Background: Recent studies show that testosterone-stimulated growth of the glandular tissue in the ventral prostate in adult castrated rats is preceded by increased epithelial VEGF synthesis, endothelial cell proliferation, vascular growth, and increased blood flow. These observations suggest that testosterone-stimulated prostate growth could be angiogenesis dependent, and that VEGF could play a central role in this process.
Methods: Adult male mice were castrated and after 1 week treated with testosterone and vehicle, or with testosterone and a soluble chimeric VEGF-receptor flt(1-3)IgG protein.
Results: Treatment with testosterone markedly increased endothelial cell proliferation, vascular volume, and organ weight in the ventral prostate lobe in the vehicle groups, but these responses were inhibited but not fully prevented by anti-VEGF treatment. The testosterone-stimulated increase in epithelial cell proliferation was unaffected by flt(1-3)IgG, but endothelial and epithelial cell apoptosis were increased in the anti-VEGF compared to the vehicle-treated groups.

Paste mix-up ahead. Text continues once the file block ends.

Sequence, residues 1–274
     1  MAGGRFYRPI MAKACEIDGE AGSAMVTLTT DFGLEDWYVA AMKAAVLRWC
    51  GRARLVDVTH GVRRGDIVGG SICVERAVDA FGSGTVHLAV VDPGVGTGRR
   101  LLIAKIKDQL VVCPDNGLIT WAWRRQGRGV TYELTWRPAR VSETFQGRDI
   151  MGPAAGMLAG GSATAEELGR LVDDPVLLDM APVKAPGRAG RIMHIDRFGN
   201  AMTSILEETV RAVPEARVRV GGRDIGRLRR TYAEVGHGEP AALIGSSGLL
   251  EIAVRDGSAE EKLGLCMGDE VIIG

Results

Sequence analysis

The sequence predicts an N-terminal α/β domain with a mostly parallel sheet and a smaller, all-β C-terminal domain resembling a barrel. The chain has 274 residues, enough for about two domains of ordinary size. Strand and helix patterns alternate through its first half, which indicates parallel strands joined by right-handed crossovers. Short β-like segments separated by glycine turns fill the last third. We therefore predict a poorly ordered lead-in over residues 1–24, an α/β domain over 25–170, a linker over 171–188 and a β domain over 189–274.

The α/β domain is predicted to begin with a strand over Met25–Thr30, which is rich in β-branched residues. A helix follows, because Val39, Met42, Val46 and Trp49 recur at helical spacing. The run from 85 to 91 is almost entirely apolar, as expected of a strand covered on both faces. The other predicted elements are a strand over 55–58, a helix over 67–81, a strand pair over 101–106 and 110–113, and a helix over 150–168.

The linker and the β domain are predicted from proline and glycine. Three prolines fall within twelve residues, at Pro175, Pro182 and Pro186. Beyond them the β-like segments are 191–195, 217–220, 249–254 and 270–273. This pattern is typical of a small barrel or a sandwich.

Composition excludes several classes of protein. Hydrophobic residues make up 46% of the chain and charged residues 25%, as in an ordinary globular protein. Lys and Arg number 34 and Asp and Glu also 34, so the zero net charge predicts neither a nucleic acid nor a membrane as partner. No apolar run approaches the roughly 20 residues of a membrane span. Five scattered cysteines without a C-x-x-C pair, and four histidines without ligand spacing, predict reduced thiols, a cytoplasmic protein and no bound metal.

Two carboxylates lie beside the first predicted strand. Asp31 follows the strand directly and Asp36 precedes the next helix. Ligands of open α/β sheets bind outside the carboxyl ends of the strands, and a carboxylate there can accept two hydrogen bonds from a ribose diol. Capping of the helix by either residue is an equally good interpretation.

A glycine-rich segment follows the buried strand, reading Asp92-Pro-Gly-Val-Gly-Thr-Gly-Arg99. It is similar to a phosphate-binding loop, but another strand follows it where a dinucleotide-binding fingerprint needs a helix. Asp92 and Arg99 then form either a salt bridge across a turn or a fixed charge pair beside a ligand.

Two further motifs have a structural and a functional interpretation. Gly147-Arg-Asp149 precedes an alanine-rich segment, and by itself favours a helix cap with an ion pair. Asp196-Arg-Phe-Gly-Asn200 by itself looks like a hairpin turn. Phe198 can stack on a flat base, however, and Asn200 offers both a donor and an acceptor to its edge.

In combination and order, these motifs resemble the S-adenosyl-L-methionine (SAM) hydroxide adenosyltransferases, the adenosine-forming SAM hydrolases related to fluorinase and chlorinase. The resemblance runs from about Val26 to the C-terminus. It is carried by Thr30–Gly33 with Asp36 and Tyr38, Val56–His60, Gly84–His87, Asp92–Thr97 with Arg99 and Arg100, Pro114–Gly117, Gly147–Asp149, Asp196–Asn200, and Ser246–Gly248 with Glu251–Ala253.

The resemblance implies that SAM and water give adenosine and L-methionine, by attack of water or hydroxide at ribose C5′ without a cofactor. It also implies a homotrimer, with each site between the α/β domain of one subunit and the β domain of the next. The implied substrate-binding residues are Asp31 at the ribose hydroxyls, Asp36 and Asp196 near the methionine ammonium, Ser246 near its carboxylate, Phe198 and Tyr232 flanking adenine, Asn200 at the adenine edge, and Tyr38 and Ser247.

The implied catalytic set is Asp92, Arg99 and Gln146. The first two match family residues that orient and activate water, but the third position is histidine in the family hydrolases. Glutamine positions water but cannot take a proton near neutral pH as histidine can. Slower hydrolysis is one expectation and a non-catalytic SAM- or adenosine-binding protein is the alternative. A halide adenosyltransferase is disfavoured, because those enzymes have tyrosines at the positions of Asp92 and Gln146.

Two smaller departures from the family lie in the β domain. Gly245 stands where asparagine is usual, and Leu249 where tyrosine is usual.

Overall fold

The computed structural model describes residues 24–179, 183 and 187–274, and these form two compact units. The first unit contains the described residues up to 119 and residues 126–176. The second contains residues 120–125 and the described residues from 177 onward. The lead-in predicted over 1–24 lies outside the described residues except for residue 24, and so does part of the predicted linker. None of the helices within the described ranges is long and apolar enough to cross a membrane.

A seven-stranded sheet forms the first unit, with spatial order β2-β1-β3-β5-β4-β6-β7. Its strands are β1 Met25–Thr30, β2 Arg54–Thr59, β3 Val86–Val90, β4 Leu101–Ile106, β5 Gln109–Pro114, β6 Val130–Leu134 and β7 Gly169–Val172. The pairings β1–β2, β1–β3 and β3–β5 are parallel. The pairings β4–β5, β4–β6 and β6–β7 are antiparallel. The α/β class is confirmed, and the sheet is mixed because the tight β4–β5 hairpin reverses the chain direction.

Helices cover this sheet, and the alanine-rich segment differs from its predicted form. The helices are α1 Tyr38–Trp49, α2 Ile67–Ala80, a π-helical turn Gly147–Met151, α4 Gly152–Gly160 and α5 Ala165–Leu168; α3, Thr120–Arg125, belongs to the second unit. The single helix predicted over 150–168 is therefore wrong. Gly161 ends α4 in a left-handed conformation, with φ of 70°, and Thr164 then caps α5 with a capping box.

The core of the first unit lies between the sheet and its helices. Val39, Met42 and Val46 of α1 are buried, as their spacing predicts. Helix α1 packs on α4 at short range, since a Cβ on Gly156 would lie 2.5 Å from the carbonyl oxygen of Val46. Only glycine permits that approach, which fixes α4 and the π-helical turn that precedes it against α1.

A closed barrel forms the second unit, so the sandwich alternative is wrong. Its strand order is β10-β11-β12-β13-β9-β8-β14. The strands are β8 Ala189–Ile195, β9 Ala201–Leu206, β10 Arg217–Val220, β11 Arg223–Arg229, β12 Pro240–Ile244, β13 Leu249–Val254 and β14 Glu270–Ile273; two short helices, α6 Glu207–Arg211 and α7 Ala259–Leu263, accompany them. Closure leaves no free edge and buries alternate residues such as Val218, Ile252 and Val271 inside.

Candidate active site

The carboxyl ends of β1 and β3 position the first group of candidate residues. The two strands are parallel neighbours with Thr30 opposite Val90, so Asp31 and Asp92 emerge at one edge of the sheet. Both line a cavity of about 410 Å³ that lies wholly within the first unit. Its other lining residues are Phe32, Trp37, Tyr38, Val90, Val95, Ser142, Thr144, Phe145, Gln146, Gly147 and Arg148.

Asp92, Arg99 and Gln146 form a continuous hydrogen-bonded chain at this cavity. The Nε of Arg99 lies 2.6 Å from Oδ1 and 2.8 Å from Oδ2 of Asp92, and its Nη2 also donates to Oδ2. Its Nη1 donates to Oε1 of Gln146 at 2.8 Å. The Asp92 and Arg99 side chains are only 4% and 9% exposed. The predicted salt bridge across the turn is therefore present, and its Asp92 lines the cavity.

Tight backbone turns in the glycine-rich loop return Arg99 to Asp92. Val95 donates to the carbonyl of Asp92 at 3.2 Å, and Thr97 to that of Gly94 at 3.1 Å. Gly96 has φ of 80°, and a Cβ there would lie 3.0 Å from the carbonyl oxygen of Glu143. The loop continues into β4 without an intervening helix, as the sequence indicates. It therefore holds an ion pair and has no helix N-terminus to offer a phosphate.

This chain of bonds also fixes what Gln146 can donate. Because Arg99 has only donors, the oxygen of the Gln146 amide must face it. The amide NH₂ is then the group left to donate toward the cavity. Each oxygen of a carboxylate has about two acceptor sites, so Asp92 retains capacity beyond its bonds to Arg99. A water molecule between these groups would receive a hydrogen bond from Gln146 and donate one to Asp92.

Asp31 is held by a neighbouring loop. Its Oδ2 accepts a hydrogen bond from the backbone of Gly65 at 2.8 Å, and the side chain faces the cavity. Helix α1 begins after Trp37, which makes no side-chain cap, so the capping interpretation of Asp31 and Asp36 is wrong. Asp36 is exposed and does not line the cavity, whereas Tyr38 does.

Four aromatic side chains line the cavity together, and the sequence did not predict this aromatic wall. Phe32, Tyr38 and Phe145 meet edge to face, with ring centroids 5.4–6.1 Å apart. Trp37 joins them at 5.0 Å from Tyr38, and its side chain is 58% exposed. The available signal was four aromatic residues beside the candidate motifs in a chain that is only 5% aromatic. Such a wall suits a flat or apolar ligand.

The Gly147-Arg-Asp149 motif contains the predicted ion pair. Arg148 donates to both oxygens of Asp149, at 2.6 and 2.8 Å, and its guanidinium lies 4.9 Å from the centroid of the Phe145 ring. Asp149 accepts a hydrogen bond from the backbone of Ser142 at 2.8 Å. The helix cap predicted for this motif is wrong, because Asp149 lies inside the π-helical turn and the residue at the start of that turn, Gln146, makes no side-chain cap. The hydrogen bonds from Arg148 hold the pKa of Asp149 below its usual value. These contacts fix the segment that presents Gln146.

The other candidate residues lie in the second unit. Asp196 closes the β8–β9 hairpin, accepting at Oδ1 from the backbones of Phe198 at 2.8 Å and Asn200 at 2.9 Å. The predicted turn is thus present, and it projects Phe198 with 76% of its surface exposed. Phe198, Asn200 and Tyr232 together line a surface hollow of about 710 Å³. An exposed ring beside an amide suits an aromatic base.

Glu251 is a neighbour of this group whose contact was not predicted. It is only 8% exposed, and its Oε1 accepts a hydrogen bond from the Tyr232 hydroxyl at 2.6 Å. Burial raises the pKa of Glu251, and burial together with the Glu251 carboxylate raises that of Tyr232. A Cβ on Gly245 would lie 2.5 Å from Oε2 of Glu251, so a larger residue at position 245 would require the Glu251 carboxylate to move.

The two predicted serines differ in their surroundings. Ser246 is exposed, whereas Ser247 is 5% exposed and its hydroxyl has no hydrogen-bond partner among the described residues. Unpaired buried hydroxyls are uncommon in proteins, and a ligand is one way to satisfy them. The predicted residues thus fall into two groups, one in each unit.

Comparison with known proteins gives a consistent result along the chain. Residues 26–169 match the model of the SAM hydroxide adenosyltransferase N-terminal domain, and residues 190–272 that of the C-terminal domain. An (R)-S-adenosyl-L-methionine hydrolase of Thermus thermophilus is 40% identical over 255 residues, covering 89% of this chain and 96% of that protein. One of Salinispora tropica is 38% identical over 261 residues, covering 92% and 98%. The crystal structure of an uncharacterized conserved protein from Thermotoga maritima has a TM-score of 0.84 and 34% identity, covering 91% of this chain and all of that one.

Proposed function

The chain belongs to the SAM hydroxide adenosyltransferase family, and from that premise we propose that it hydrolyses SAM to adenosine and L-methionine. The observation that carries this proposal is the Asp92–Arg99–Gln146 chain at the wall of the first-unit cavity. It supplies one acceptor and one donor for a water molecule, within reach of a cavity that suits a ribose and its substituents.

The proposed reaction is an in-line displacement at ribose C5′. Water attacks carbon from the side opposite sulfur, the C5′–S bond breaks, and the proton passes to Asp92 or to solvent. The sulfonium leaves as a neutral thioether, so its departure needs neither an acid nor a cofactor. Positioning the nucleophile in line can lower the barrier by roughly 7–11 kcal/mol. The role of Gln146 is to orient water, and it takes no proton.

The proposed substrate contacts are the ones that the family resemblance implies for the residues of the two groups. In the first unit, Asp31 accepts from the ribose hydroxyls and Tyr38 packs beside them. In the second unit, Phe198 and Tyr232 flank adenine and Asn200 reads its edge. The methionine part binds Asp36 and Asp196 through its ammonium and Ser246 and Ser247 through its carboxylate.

Conclusions: This study suggests that testosterone stimulates vascular growth in the ventral prostate lobe indirectly by increasing epithelial VEGF synthesis and that this is a necessary component in testosterone-stimulated prostate growth.
Copyright 2003 Wiley-Liss, Inc.